Much of it comes in words and money.
Let’s first look at the words.
Governor Ted Strickland in 2007 reactivated the neglected Ohio Commission on Fatherhood. The commission recommends renaming each county’s Child Support Enforcement Agency the “Child Support Services Agency” and adopting policies to distinguish between deadbeats on the six o’clock news who refuse to pay and fathers who can’t.
Another subtle change eliminates all wording that discriminates against fathers. For instance, one social service agency discriminated against fathers by providing Registered Nurse visits to all new and teen “mothers” versus all new and teen “parents.”
You may think this silly, but the state wants fathers to know they are expected to get involved in the lives of their children and not just financially.
President –elect Barack Obama stressed responsible fatherhood during the election campaign. And, in 2006, he and fellow Senator Evan Bayh introduced the Responsible Fatherhood and Healthy Families Act to encourage marriage by eliminating the marriage penalty in the tax code and remove employment barriers for fathers willing to support their children.
The societal cost of irresponsible fatherhood is staggering. Studies have shown boys who grow up with little or no contact with their fathers are more likely to be involved in crime, use drugs and alcohol, have emotional disorders and drop out of school. Girls are more likely to become pregnant as teens.
More than 26 million children live in single-parent homes in our country and 9.6 million have not had contact with their father in the last year, according to the National Fatherhood Initiative. The federal government spends more than $99.8 billion annually for child support enforcement and poverty issues dealing with father-absent homes.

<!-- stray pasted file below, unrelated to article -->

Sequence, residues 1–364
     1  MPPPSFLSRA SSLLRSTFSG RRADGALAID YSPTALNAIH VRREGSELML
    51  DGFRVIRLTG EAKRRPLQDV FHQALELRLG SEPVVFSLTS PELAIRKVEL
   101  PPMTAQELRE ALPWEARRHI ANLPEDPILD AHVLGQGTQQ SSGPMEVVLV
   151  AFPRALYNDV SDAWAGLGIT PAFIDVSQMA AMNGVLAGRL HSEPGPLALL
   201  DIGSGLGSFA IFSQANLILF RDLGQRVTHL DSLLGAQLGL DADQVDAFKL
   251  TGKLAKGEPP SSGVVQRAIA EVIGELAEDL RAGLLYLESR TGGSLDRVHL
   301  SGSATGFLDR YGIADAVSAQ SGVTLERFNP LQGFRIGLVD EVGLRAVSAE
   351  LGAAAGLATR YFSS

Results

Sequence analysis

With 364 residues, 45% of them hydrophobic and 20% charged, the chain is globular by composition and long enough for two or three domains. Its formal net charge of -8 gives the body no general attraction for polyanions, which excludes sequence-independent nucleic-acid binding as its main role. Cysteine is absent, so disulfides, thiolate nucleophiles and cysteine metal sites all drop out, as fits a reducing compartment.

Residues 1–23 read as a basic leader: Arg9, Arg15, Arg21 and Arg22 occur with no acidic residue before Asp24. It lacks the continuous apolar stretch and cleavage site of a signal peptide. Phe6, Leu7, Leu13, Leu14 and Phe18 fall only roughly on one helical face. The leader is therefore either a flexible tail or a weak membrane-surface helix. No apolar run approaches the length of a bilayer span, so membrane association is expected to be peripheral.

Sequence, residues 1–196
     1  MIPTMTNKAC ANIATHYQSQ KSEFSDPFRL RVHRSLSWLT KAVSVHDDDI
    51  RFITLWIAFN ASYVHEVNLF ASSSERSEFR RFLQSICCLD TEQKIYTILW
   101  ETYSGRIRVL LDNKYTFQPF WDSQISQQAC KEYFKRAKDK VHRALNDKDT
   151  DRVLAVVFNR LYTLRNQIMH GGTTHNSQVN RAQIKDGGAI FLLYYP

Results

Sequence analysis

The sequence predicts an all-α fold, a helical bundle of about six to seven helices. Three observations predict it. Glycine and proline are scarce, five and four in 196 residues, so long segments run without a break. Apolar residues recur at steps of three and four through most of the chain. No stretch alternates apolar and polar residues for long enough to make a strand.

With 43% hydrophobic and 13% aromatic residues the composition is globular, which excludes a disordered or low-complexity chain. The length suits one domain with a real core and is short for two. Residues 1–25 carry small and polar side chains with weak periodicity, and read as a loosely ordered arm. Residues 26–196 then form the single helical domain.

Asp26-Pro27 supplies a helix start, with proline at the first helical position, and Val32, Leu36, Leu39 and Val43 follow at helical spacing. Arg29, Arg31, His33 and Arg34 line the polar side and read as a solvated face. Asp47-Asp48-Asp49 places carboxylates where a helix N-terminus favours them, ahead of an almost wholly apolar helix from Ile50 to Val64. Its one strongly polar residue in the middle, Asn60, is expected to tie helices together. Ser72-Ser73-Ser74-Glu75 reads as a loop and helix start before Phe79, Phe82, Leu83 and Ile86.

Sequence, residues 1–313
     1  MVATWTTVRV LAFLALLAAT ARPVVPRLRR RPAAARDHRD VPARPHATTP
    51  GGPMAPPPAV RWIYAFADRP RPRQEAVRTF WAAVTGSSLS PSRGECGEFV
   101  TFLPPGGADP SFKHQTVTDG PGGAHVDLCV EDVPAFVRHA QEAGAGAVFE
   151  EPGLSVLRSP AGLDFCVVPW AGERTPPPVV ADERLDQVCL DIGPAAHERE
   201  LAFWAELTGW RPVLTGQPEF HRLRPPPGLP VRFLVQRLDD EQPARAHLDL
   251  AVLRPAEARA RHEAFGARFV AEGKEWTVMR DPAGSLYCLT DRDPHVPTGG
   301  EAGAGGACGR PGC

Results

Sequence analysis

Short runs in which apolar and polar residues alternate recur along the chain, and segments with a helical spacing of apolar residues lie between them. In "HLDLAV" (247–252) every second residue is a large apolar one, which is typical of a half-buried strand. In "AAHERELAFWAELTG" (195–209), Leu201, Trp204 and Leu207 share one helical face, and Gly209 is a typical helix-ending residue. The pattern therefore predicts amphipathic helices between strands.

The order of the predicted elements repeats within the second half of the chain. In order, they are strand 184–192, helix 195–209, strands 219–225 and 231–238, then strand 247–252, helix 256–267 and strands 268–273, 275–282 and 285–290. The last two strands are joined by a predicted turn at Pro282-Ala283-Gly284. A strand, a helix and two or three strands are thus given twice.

“If there were 9.6 million kids being affected by anything else, it would be front page news,” said David Justus, director of Northcoast Fatherhood Initiative, a group providing services for fathers in Northwest Ohio.
The non-profit opened its doors in October at the East Toledo Family Center. It is funded by a $225,000 grant from Ohio Department of Job and Family Services.
Justus said the group’s mission is to strengthen family relationships, help with employment needs and increase child support compliance.
The help starts at birth with a “Daddy Pack” given to fathers who attend the birth of their child. The “pack” addresses how to be a good dad and includes advice on newborn issues such as shaken baby syndrome.
Other programs include a Dad’s Club which provides activities for fathers and their children along with advice on how to be a good dad. Resources are also available for job training and placement.
Some fathers come just to share parenting ideas with other dads.
Justus says the three biggest issue facing single fathers are:
• Most fathers don’t have the skills or education to secure a job that pays enough to pay child support according to state guidelines;
• There is no practical course of action to take if a mother deters visitation;
• Many fathers released from prison can not get a valid driver’s license because they are behind in child support, hence job training and employment opportunities are curtailed. As child support is not suspended while fathers are in prison, many find themselves back in jail for failure to pay child support before they can earn enough money to do so.
Fathers can call David Justus at 419-917-9204 or go to www.northcoastfathers.org